His Excellency Robert G. Mugabe (President of the Republic of Zimbabwe)
It is with great honour and pleasure that I address this important Summit of the World Food Summit: five years later, whose chief objective is to take stock of the progress we have made since 1996. I would like to congratulate the Director-General of the Food and Agriculture Organization and his staff and all those who assisted him in organizing this Summit.
At the World Food Summit in November 1996, Heads of State and Government and representatives from 185 countries agreed on the Rome Declaration on World Food Security and the Plan of Action on World Food Security. We set ourselves, then, the target of achieving food security for all and committed ourselves to an on-going effort to eradicate hunger in all our countries.
Today, as we meet to review progress, evaluate our performance and agree on future plans with a view to, once again, accelerating the implementation of the Plan of Action, we all admit that our target has not been met.
Agriculture plays a dominant role in Zimbabwe's economy and society. It is the main source of domestic food supply and the main source of raw materials for industry where two-thirds of our manufacturing and benefitiation processes are based on agricultural raw materials. Agriculture accounts for up to 18 percent of the Gross Domestic Product and 50 percent of our exports.
Government's agricultural policies are thus largely designed to raise total output in order to meet our local needs, create employment and provide raw materials for industry and exports to earn foreign currency earnings.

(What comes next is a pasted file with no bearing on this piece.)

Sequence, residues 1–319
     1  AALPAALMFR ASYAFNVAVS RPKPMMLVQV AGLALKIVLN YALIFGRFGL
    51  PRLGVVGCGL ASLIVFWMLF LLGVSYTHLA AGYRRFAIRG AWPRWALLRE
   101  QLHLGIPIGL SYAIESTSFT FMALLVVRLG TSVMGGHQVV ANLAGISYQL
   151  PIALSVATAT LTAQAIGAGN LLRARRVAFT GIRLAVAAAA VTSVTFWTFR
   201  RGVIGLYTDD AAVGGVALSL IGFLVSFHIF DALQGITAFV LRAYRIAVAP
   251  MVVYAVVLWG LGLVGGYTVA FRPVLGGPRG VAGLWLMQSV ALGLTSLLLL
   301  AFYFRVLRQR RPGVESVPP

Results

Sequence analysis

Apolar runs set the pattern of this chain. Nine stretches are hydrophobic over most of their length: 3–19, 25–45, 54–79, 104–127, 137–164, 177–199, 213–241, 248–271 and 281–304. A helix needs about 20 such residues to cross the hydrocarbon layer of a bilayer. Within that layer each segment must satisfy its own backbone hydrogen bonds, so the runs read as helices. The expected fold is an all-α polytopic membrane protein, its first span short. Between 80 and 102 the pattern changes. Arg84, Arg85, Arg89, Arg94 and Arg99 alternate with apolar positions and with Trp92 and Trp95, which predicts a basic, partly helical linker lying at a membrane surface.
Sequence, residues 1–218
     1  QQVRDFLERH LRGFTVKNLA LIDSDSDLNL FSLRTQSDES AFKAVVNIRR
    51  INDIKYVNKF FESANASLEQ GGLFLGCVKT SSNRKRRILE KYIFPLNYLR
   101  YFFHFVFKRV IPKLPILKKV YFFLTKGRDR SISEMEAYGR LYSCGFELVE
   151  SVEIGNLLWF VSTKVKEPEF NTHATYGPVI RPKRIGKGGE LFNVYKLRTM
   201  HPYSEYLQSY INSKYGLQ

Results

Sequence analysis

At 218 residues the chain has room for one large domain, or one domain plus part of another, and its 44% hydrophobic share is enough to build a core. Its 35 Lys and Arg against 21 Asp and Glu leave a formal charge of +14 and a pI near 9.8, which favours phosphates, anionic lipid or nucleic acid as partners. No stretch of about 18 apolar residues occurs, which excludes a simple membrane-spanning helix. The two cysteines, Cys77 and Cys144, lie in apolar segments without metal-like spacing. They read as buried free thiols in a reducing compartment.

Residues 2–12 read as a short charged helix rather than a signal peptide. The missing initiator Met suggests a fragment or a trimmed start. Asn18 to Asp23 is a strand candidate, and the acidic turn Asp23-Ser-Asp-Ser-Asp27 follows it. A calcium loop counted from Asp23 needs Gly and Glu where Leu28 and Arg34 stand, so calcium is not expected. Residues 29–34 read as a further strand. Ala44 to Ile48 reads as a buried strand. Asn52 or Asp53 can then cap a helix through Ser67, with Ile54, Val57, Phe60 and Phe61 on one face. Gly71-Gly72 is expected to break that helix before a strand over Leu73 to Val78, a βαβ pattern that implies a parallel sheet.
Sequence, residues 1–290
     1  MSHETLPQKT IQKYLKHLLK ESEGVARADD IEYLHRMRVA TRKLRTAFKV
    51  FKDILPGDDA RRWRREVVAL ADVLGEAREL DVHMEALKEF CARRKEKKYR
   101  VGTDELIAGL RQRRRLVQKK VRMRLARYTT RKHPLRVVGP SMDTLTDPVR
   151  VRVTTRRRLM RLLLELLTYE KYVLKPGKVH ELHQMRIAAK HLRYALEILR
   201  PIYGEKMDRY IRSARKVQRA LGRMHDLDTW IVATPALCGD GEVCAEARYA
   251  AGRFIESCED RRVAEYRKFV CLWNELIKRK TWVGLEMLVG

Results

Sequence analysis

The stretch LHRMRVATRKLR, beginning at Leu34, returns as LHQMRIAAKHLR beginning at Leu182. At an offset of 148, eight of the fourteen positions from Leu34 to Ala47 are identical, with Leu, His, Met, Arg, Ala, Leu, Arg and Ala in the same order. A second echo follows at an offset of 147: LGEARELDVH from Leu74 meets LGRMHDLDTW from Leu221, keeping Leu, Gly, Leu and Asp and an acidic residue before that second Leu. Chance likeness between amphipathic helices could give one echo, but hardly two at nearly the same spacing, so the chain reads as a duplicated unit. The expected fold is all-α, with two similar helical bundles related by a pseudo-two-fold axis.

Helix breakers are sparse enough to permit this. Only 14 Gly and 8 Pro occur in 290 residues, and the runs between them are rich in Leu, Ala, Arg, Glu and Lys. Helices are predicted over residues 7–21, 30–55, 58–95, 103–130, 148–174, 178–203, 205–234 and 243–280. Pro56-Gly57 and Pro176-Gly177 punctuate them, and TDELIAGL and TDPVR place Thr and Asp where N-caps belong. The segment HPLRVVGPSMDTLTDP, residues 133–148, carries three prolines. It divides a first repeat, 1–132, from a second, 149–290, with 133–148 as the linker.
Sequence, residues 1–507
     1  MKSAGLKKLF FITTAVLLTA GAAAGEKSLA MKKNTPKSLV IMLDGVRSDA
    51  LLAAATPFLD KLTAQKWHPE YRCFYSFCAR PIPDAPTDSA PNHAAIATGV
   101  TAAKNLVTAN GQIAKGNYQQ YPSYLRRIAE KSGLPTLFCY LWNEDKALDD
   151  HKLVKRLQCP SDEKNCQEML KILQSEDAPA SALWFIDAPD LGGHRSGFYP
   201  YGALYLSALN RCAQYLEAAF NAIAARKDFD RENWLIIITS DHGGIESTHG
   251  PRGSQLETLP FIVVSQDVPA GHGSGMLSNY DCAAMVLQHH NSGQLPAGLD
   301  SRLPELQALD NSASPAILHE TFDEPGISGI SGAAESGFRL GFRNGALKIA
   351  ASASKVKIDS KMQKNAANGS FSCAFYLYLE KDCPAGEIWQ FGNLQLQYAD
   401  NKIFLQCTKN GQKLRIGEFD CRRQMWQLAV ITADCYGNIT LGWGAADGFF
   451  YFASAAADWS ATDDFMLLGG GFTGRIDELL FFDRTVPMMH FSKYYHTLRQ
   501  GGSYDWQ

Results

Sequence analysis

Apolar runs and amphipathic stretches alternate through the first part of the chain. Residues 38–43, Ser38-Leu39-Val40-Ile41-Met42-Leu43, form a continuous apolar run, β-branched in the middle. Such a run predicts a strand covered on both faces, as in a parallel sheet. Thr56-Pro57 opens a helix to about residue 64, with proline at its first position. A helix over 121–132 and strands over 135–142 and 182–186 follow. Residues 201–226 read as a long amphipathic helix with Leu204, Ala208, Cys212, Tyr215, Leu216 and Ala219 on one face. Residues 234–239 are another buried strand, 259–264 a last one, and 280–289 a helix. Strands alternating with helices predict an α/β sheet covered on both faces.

Since the 1996 World Food Summit, my Government has made some strides towards the implementation of the Plan of Action through the Zimbabwe Agricultural Policy Framework (1995-2020) and the launch of the Poverty Alleviation Action Plan (1996). We have also interacted with main stakeholders through the National Economic Consultative Forum.
Against this background, my Government has responded to the people's cry for land by embarking on a Fast Track Land Acquisition and Resettlement Programme in July 2000, which now enables people to fight poverty by directly working on their own productive and fertile land. Their own, I say with emphasis because land being the most important natural resource of any country must first and foremost belong to and be truly owned by the country's indigenous people. Hence, Zimbabwe's land must rightly belong to Zimbabweans, that being also the true test of our national sovereignty.
Where previously only a handful of colonial settler farmers were undertaking commercial farming, the country now has over 260 000 farming families on varying sizes of land, sharing a total of 12 million hectares of prime agricultural land.
Contrary to widely disseminated misrepresentations by our detractors, there is now a brighter future for our farming community across colour, gender and ethnic divides. Our Land Reform Programme is indeed a firm launching pad for our fight against poverty and food insecurity.